God Centred Priorities

Ray TrainerSKU: GCP6981 ISBN: 9781846256981



Whom should I marry?
Where should I live?
What career should I pursue?
Which church should I attend?

These are important questions which may often leave us perplexed or unsure what to do.
Does the Bible provide us with answers? Yes, though not perhaps as we would expect, for the Bible in general lays down principles on guidance so that we might make perceptive choices based upon good priorities.
Here Ray Trainer works through five of these biblical principles, which are both revealed and applied by Paul in 1 Corinthians 8–10 and Philippians 1.
In addition, there are five short case studies which can be used individually or in small groups in order to apply these
principles to different areas of everyday life.

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Customer Reviews

Based on 3 reviews
Jan Rhys
God-Centred Priorities: Five principles for making wise decisions

What a gem this book is – one I wish had been available to me as I started out on the Christian path, wondering how to find God’s will for my life as I made important decisions such as where to study, what job to take, & whom to marry. Trainer’s easy-to-read book is based on the premise that ‘The Bible is God’s pre-eminent instructions for us so that we might make wise & godly choices & so live as he would have us live’. Fundamental to his book, the author refutes the idea that it is essential for the believer to discover God’s unique individual plan for him. He then lists six methods on which we should never solely rely (e.g., dreams & visions, circumstances). Instead Trainer gives us 5 principles which we should use to make right choices. He puts these in picture form with the foundational principle being ‘Do What is Right’. 3 pillars are built on this foundation, & the overarching capstone shows the principle: ‘God’s Glory.’ You will need to read the book for yourself to find out the 3 pillars! Trainer shows that his methods are biblically based through scriptural quotes & examples. His book is simple to understand & would be very useful to young Christians & all those who want help in knowing how to make wise decisions. The book ends with a number of case studies suitable for group study. With very short chapters & these case studies, the book could easily be used profitably by church youth groups. I highly recommend this book & would happily pass it on to others.

Peter Murcott

A common condition is to wish that one had been armed in the past with the knowledge that has been gleaned along the way. That is just wistful thinking; but given that wisdom is about taking the right steps hereafter, surely that is where the focus should lie. This book addresses this very issue, as expressed in its sub-title: “Five principles for making wise decisions”.
At an early stage, the author sets out in diagrammatical form the structure on which he intends to build his case. This consists of a drawing of a classical building’s frontispiece, with the “Foundation principle”, supporting three pillars, above which is the “Overarching Principle”.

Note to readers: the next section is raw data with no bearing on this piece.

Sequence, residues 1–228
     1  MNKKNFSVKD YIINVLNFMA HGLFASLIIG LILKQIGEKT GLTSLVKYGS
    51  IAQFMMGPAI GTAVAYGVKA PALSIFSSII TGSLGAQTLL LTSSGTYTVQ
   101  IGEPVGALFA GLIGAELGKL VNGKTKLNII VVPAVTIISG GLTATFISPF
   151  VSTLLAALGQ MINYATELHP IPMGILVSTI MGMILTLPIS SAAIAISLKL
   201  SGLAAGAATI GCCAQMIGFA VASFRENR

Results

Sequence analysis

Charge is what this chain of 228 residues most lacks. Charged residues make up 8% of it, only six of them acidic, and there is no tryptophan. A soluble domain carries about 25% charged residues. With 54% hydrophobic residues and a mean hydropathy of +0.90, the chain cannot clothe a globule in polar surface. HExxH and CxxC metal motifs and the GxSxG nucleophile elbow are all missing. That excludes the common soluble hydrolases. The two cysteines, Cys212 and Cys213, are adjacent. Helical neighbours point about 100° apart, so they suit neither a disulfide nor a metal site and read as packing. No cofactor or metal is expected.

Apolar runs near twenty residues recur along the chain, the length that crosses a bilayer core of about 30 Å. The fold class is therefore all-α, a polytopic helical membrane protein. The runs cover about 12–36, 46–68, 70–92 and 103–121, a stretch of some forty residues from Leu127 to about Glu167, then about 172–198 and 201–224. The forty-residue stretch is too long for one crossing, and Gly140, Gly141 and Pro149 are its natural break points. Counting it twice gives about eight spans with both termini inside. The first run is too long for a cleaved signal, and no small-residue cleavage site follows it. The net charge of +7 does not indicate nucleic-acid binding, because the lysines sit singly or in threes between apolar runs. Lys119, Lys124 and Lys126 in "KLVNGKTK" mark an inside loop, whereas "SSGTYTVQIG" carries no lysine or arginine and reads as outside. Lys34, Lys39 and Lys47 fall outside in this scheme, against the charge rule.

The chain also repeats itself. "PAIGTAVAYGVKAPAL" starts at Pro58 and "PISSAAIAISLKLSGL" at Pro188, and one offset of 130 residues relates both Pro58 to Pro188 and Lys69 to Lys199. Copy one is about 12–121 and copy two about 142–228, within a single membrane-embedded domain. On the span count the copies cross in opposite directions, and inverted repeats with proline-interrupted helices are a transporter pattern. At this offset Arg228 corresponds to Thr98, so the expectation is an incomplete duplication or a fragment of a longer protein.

Before expounding upon these principles, he discusses “What we shouldn’t rely on”. This contains some familiar fallacies, such as opening the Bible at random; though it has to be said that the Wesley brothers sometimes did just that to good effect. For instance, Charles Wesley turned to a highly appropriate text [Acts 20:24] when he was surrounded by an angry mob in Walsall in the early 1740s. Other practices include doing the rounds until one receives the advice that one wants to hear, and the paying of undue attention to feelings (p.18), which receives further clarification on page 26. The author also refers to the unreliability of dreams; though whether this encompasses recurring dreams is not said. All these things and more could make good discussion points.

Peter Murcott

The foundational principle of ‘to do what is right’ is followed an exposition of ‘love taking precedence over knowledge’; the Gospel over “my rights”, and, my spiritual well-being over “my freedom”, leading to the presiding principle of “God’s Glory”. The book concludes with five different case studies. Regarding Case Study 5, “Guidance for Pre-Marital relationships”, one felt that this would have benefited from more space being devoted to it.
The discussion about the need to consider the weaker Christian in decision-taking is to be welcomed; and it is noticeable that its introduction on pp. 29-30 is continued in more depth later on. Equally valuable is the “second pillar” where the Gospel takes precedence over “my rights”.
Throughout there is frequent recourse to Scripture; indeed more or less every page supports its contentions by reference to one or more texts. Excluding the case studies, the main body of the book covers forty-nine pages within which it effectually pursues all the propositions that it initially sets out.

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